Increasingly for consumers, small is big. They are looking for a closer connection with the farmer or producer with whom their food originates. Simpler, less complex food where the ingredients are the hero are now what consumers are looking for, as opposed to complex, more processed meals where they have no idea of how they are sourced or produced.

Today we see how much clean eating, freshness and localism matter in the rise in vegetarianism, veganism and meat free Mondays. And some of the best examples of how these trends are playing out can be found among the most progressive corporate clients which Compass works with.

These organisations see food as a vital part of their employee proposition –what they serve, where it comes from, how it is prepared, and how their colleagues come together to enjoy it. I fully expect this more considered and thoughtful approach to consumption to become more widespread in years to come – consumers and employees will come to expect it.

As CEO of Compass I have to try to take a step back and think about what the driver is behind these trends, and I think it can be summed up in one word – trust. Future generations of consumers will only interact with and buy from those organisations with which they feel there is genuine trust. Trust is the currency of the future.

Trust can’t be bought, it needs to be earned. And the way we will build trust is through transparency, having a supply chain we can have total confidence in and where consumers can be confident in the sustainable methods used to produce their food. That requires us to be fair with farmers, pay them an appropriate price which enables them to reinvest, and having a shared commitment to the environment, animal welfare and workers’ rights.

Genuine partnerships will be key to future success in the food industry. No one business can tackle these issues alone, but by working together we can turn the significant challenges we face into the opportunities that will drive sustainable future growth. Technology will have a key role to play and I will explore that more fully in my lecture, and we will need to be bold in exploring the use of new ingredients and new forms of proteins to feed the growing number of mouths putting pressure on our planet’s resources.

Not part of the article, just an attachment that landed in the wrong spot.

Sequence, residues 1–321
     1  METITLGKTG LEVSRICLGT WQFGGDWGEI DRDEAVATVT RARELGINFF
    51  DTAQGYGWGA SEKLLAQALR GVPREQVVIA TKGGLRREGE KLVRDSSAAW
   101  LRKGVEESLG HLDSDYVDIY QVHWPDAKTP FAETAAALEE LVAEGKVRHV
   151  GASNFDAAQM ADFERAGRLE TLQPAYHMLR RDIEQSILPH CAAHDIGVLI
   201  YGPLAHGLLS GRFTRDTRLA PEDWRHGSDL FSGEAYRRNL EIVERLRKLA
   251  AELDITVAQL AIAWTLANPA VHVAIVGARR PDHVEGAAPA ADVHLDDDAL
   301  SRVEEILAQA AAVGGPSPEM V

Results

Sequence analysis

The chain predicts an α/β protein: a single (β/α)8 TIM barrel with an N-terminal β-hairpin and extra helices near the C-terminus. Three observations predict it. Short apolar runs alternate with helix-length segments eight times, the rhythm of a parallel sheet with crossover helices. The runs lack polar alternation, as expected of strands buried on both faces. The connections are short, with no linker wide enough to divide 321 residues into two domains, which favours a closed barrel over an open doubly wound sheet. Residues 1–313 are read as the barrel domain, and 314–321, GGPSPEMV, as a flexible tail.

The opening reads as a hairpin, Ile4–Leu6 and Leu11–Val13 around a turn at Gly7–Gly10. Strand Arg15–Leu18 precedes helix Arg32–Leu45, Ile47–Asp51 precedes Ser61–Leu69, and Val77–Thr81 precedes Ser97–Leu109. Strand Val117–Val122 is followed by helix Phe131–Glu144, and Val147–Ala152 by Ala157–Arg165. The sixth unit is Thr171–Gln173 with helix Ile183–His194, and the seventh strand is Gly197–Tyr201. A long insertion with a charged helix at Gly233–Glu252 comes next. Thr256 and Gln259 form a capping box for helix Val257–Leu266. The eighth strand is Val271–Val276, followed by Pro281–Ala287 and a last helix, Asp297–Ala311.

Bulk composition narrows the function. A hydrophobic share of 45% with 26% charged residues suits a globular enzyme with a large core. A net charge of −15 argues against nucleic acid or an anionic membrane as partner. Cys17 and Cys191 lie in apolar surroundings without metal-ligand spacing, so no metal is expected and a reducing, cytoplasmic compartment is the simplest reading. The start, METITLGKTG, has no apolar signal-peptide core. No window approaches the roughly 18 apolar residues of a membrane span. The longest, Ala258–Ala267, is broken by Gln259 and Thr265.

We’ve already started this process within Compass. I see our future as being less a food service business, and more what I call a ‘food lifestyle’ business. Since taking over as CEO a year ago I have challenged the organisation to ensure we have the right culture, capabilities and outlook to thrive in our fast-changing world, and this has driven the creation of our simple strategic framework that we call the three Ps – Performance, People, Purpose.

This is a journey we are embarking on and we have a lot to do. And as I said at the start, we don’t think for a moment we have all the answers. But what I am confident about is that those businesses which will flourish in the years to come will be those which have an intrinsic link between sustainability and strategy, and those willing to work in partnership to create a successful shared future for our industry.